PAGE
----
Feeling Good With Four Stars On Yelp
February 28, 2008
The other day, a friend asked if I knew anything about Aqua, a restaurant in San Francisco.
My response: “Don’t know it, but I’ll bet it gets 4 stars on Yelp.”
Of course, individual reviews vary. But I’ve always been curious about why listings in many star systems end up with nearly the same average rating over time. With Yelp, I became curious as to why these averages are so high. Looking first at the individual reviews, I saw some psychosocial reasons for this. The site encourages positivity by allowing you to tag other reviews as only Useful, Funny, or Cool. (More than once I’ve been tempted to write a review just to call someone else’s Really Dumb.) Reviewers sometimes compensate for a lackluster review with a higher number of stars. Some examples:
– “I’d easily give this place a 3 star [sic], but it gains one star for being the only place to get Sushi in Lincoln Square.” Four stars.
-“Not sure how the hostess sleeps at night with that gigantic stick lodged up her ass.” Four stars.
-“[T]he “scone” was so dry you could sand paint off the walls.” Four stars.
-“I have to say that the drinks I ordered were BAD. My Margarita was so sour and bitter that I had to return it. The vodka tonics must have been made with grade Z tonic water as it tasted like dirty soda water. I won’t even get into the dirty martini.” Four stars.
(Forgive me for taking these clips out of context, but it’s more fun that way.)
The prevalence of positive reviews might also be due to the site’s social networking element, which displays your (ostensibly) real name next to your reviews. Some of these people also get together in person. Do you really want to be the jerk who got all negative over an overcooked burger at the struggling mom-and-pop?
I initially surmised that many in the Yelp community had had those empowered childhoods where criticism was considered demoralizing.* But as I dug further into the reviews, I became impressed by their thoughtfulness. Which suggests another bias: People on Yelp — and elsewhere — tend to review places they like. Farhad Manjoo provides some supporting evidence so I don’t have to.
And yet, individual reviews are not the only cause of high average ratings: Yelp has built the bias into its search engine. At the category search level (e.g. sushi, bars, or salons), “best match” is a weak concept. Lots of results will be highly relevant to a search for sushi. So, what’s the secondary sorting logic? A combination of most reviewed, highest rated, and other special sauce criteria alluded to by a Yelp exec I once spoke with.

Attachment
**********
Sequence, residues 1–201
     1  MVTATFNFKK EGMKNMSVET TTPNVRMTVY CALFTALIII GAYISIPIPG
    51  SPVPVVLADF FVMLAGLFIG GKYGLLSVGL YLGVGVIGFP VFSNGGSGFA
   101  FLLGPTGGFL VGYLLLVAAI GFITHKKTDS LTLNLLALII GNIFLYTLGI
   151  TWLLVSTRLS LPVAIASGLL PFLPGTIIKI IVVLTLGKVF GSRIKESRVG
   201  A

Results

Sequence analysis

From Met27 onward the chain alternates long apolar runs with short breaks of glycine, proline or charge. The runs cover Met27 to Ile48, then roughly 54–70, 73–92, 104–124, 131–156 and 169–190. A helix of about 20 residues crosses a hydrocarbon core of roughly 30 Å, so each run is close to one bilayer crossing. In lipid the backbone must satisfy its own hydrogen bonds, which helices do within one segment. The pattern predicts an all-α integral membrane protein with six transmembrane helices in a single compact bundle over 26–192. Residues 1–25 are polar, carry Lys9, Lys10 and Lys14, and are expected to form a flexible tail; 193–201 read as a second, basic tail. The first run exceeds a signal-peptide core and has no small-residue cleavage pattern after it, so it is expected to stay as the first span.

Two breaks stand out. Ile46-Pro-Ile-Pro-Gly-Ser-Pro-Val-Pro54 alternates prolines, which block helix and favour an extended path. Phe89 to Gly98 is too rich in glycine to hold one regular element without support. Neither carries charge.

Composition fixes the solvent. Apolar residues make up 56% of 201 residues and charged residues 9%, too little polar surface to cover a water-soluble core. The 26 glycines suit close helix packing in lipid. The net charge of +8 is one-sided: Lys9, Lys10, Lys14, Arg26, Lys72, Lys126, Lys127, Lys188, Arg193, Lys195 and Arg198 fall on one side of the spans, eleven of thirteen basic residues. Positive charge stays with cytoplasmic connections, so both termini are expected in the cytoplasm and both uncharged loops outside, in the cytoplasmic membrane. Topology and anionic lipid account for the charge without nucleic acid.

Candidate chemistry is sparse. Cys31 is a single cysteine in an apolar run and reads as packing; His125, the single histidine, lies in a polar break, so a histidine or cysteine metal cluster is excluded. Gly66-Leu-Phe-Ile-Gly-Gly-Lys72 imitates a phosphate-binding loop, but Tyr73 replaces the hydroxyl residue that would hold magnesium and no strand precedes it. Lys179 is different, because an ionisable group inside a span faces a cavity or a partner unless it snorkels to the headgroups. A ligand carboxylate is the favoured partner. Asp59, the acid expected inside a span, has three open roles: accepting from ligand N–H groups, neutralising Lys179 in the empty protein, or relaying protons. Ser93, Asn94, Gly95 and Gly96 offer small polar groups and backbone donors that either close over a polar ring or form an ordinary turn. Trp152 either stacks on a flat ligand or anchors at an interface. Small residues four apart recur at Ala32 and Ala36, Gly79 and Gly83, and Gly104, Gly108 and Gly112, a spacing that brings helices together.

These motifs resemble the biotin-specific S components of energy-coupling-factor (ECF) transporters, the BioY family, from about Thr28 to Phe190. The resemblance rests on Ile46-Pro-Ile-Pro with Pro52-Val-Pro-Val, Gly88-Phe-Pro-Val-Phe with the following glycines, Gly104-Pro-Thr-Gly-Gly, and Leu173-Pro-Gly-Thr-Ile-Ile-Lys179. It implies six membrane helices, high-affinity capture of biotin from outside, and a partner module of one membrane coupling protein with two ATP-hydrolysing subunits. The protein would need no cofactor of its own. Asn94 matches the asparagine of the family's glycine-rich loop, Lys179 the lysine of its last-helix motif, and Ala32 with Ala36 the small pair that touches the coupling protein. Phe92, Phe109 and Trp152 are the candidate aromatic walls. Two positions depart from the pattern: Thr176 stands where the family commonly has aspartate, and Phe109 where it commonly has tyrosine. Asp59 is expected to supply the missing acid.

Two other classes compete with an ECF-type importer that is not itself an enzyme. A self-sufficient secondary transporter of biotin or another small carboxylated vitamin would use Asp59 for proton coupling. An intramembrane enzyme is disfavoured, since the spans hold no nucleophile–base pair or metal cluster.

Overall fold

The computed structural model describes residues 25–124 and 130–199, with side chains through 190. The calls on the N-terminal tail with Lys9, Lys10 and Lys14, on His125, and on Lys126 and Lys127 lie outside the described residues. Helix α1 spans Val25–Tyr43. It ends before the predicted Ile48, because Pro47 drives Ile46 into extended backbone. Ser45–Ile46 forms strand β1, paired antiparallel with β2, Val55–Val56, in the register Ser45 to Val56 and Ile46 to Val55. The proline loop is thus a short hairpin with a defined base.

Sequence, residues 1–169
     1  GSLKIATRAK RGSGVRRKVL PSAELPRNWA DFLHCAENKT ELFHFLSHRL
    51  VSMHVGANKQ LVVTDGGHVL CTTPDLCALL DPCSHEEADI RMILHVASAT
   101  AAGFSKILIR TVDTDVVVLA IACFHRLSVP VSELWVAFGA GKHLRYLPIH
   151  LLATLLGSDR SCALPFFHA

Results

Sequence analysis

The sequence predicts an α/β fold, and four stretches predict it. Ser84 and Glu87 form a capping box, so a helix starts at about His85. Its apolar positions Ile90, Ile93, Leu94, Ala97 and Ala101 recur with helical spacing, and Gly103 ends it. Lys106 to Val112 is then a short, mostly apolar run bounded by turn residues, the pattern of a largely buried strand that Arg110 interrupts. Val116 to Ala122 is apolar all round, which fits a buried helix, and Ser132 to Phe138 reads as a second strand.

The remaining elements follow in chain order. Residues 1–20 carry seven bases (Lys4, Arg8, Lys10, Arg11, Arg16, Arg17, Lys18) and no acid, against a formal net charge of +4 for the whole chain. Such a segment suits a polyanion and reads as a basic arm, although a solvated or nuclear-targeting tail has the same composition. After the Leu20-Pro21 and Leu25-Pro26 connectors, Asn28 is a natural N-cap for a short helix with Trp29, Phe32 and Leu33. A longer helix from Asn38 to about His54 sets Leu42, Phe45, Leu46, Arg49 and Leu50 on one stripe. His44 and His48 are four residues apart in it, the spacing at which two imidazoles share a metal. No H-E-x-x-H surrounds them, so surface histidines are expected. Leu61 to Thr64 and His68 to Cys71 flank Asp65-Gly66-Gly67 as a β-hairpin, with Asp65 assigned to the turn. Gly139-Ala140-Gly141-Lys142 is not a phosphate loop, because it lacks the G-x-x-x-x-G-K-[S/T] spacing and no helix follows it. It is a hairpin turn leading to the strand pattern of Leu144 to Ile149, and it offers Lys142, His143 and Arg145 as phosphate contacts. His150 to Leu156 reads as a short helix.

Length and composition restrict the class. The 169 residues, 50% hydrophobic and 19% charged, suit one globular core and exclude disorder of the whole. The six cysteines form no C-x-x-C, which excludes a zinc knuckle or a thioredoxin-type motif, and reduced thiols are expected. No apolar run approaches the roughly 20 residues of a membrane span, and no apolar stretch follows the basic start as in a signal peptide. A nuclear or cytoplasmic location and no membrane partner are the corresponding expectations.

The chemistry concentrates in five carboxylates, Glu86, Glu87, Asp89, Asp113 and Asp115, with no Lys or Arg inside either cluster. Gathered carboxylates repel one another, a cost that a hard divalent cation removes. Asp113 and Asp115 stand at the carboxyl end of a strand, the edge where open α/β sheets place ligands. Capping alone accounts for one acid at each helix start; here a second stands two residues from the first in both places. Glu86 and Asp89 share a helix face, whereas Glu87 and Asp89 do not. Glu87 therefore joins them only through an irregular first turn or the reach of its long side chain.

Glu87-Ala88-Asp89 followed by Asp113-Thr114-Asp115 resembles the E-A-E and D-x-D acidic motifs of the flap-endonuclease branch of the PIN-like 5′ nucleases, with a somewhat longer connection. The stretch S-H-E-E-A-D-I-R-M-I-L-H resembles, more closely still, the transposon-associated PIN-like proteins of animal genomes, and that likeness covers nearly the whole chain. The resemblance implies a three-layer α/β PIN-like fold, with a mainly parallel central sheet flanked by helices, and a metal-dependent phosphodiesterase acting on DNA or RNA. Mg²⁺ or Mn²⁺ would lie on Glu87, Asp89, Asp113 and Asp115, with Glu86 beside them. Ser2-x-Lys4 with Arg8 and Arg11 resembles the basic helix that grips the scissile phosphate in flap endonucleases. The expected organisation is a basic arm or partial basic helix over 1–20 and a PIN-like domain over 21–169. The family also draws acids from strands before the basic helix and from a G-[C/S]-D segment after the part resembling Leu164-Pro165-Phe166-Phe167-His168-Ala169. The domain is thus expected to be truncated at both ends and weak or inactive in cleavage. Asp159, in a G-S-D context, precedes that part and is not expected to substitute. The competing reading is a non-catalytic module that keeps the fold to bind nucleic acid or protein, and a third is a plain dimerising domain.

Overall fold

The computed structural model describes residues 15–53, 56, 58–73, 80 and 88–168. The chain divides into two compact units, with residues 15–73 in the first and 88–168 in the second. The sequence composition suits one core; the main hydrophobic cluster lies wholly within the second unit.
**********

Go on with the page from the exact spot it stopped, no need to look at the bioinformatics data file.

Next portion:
When you privilege the most reviewed, highest rated businesses, what happens? Logic indicates that the more reviews there are, the more likely things will average out… and in a community that evaluates matters of high subjectivity with a skew towards positivity, four stars is where the average will land. (Interestingly, All Songs Considered’s now-defunct Open Mic area had anonymous ratings. The song ratings all migrated to a similar average, but they landed more in the middle of the scale.)
In addition, the most reviewed will become more reviewed because they appear more often in the top search results, while the less reviewed will continue to lag. Weirdly, the result of this power law distribution is that Yelp falls behind the coolhunters. If Acme Grill had a moment in the spotlight 6 months ago and got tons of reviews, even when its popularity dies down, it will appear higher in Yelp search results than a newer, hipper thing. People will be more inclined to review it, and the situation is perpetuated.
I’ve long relied on word of mouth and online reviews to make purchase and entertainment decisions. When review communities first reached critical mass on Amazon, they paralyzed me. I treated any bad review, even when among other good ones, as a veto. By now, however, many of us have learned how to extract what’s useful. I’ve also come to understand that reviews are not just useful for consumers, but fun (and cathartic) for the reviewers to write. That said, Yelp does have a lot of influence, for better and worse. So it’s important to remember that a Yelp star is no Michelin (that’s not entirely a bad thing). And that all stars should be taken with a grain of salt.
*There are likely other variances as well. Geographic, for example: People in the Washington, DC, area seem to me more faux polite than those in New England.